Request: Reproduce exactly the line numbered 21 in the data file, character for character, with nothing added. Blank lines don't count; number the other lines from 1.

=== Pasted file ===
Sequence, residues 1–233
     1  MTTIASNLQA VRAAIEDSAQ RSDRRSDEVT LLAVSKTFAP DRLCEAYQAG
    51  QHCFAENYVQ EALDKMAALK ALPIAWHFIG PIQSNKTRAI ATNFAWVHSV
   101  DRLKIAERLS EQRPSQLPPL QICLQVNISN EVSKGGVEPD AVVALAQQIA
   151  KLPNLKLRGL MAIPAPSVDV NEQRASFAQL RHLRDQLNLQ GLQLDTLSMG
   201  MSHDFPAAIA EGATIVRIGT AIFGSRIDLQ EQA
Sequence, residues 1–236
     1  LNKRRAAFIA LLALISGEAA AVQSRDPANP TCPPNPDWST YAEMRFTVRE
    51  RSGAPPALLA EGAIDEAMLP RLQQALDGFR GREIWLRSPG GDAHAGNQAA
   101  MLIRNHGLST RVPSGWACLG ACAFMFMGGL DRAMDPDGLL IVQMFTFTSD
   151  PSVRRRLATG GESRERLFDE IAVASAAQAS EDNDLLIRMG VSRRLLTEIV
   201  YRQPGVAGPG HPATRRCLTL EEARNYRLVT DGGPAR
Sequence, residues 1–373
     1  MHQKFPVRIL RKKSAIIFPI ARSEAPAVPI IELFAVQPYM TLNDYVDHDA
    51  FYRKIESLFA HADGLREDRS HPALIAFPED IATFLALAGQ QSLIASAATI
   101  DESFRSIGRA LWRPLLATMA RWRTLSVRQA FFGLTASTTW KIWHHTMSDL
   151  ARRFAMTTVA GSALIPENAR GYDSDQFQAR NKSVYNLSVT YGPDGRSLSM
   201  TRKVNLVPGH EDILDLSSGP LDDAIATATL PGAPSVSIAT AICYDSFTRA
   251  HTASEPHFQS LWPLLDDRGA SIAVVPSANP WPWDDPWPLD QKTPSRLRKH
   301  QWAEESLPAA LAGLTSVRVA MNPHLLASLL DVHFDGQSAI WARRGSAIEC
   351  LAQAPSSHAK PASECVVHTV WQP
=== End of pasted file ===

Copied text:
   351  LAQAPSSHAK PASECVVHTV WQP